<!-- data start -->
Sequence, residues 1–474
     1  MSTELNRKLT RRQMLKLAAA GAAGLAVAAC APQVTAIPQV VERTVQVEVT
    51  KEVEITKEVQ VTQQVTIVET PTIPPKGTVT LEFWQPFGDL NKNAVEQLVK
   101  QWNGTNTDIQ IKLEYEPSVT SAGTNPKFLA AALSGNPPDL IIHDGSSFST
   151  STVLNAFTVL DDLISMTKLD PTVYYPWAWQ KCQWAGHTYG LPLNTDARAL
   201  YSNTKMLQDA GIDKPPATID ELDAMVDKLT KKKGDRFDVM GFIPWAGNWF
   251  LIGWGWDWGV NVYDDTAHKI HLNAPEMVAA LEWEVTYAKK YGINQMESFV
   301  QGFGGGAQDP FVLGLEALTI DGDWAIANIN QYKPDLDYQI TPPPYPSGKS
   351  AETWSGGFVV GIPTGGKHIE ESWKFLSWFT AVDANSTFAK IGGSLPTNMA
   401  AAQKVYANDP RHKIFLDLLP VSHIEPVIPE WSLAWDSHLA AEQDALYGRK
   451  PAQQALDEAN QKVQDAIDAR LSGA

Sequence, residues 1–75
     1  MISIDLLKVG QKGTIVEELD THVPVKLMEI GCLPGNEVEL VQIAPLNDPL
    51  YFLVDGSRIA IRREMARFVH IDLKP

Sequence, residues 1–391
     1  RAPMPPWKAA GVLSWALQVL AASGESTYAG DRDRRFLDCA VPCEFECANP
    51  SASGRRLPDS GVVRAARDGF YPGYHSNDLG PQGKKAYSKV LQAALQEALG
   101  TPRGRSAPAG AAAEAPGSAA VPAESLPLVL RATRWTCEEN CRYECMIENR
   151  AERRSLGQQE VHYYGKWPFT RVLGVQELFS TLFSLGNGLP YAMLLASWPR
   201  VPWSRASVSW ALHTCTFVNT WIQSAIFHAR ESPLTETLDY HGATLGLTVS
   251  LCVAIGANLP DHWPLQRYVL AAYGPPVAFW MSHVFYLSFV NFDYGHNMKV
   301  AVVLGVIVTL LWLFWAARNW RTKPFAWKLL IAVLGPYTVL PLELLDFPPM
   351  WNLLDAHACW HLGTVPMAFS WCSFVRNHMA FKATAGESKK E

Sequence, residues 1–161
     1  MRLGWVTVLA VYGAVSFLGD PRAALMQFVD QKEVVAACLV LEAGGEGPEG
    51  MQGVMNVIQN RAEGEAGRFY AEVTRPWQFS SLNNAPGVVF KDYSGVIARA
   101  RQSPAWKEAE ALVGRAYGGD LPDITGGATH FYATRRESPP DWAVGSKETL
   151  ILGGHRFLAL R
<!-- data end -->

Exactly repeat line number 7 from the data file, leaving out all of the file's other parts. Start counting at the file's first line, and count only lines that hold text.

   251  LIGWGWDWGV NVYDDTAHKI HLNAPEMVAA LEWEVTYAKK YGINQMESFV